Tiffany & Co./ Edward C. Moore Antique Sterling Silver Figural Ice Bowl, New York City, c. 1873
Fine examples of ice bowls are exceedingly rare and this example features dramatic designs and is made of exceptional quality.
The large, round bowl has its original removable pierced strainer and a polished interior. The rim has an applied band of hanging classical anthemion leaves giving it a lovely decorative edge while also strengthening the rim. This stunning bowl has an overall soft matte finish to the exterior.Beautifully engraved on one side is the following presentation:
Presented to William R. Higby Esq.
as a mark of esteem by
N. A. Baldwin, J. B. Stevens,
Eugene Thorne, H. C. Baldwin,
R. C. Livingston
Feb. 16th 1872
William Riley Higby (1825-1902) was involved in banking and fire insurance businesses and in 1872 was city treasurer in Bridgeport, Connecticut. 'Mr. Higby was one of the most prominent and best-known Masons in the state'.(1)
The conical pedestal uses a larger version of the same banded decoration, however this time the leaves point upwards. These decorative leaves are against a background of horizontal lines. The pedestal acts as a reservoir to hold melted water from the ice.
The base of the bowl has splayed, semicircle designs terminating with rectangular plinths on the ends. Standing atop the plinths are majestic polar bears. The castings are exquisite with expressive faces and details.
It is easy to forget how important ice was in a world before the refrigerator. Unlike Western Europe, North America produced abundant supplies of clean ice. The clean rivers and lakes along with the cold winters allowed for bountiful ice 'harvesting' in the winter and early spring. Americans developed this resource and created markets for it by exploiting needs in tropical areas.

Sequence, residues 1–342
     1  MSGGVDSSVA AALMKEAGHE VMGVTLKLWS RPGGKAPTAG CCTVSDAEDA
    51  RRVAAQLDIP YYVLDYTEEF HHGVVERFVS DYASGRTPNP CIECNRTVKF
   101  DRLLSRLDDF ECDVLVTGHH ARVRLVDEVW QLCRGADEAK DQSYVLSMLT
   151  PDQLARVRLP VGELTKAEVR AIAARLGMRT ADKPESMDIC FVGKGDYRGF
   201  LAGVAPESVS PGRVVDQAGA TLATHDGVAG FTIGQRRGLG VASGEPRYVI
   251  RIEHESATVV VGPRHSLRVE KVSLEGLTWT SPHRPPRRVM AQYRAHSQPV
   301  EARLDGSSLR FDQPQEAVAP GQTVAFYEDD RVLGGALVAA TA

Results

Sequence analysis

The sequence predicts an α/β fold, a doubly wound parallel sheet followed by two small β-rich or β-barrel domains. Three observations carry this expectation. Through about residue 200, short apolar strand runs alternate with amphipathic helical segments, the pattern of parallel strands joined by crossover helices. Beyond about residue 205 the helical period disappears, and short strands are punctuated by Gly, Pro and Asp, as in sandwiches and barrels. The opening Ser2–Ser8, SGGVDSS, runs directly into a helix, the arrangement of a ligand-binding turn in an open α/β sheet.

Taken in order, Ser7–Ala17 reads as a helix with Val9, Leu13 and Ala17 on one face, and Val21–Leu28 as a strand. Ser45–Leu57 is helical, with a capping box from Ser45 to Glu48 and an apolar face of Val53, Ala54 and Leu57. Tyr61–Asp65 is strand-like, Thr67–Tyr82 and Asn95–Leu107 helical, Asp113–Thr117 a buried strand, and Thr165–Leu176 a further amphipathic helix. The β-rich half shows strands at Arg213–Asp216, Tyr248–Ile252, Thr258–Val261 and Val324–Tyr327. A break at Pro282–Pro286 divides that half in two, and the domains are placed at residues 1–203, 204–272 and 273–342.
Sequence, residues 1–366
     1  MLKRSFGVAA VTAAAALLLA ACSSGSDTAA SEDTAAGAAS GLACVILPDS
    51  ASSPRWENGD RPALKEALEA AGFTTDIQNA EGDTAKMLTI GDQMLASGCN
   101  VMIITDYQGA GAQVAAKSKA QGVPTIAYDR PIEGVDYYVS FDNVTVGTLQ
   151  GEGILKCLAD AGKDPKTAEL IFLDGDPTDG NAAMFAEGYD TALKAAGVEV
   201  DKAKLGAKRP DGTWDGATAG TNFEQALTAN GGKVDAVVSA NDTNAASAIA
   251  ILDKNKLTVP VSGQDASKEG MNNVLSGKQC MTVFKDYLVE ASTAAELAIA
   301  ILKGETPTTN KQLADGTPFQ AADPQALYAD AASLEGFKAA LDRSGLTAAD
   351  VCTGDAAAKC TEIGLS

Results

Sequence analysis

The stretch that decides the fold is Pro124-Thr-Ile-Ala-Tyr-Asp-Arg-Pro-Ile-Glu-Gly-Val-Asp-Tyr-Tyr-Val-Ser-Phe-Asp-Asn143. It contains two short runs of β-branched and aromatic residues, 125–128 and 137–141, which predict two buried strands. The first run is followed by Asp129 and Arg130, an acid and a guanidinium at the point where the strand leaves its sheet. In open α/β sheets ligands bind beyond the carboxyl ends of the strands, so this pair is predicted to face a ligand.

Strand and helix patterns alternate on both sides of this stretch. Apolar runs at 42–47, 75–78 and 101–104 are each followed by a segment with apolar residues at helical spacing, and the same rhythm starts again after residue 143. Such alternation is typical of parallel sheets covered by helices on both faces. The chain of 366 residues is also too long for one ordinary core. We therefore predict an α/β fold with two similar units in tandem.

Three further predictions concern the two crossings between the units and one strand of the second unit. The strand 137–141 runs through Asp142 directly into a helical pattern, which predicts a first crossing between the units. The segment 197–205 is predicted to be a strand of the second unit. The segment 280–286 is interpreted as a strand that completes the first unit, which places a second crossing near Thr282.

In the early 19th century, Frederic Tudor and his Wenham Lake Ice Company (of Wenham, MA) improved insulating techniques so his ice could be shipped afar to the West Indies and even Calcutta, India. Henry Thoreau mentions the 'harvesting' of ice from Walden Pond.(2) An appendix to the 1880 U. S. census notes that 8 to 10 million tons of ice were harvested annually in the United States.(3)
Wenham Lake Ice became popular in Europe because, unlike old world ice, it was clean enough to actually put in drinking water and other refreshments. Queen Victoria was so delighted with the clean ice in her drinks that the Wenham Lake Ice Company received a royal warrant!(4)
This exceptional ice bowl is marked underneath 'TIFFANY & CO/ 2644/ QUALITY 925-1000/ 5913/ UNION SQUARE' along with two gothic 'M' marks for John C. Moore. The bowl measures 9 inches in diameter with the polar bears protruding a bit past the edge. It is just shy of 5 inches high and weighs 39.45 troy ounces and is in excellent antique condition.
William Richard Cutter, New England Families, Genealogical and Memorial: A Record of the Achievements of Her People in the Making of Commonwealths and the Founding of a Nation, Volume 3, (New York: Lewis Historical Publishing Company, 1913) pp. 1477-1478.
Gavin Weightman, The Frozen-Water Trade: A True Story, (New York: Hyperion, 2003), pp. 169-70
Weightman, p. 231.
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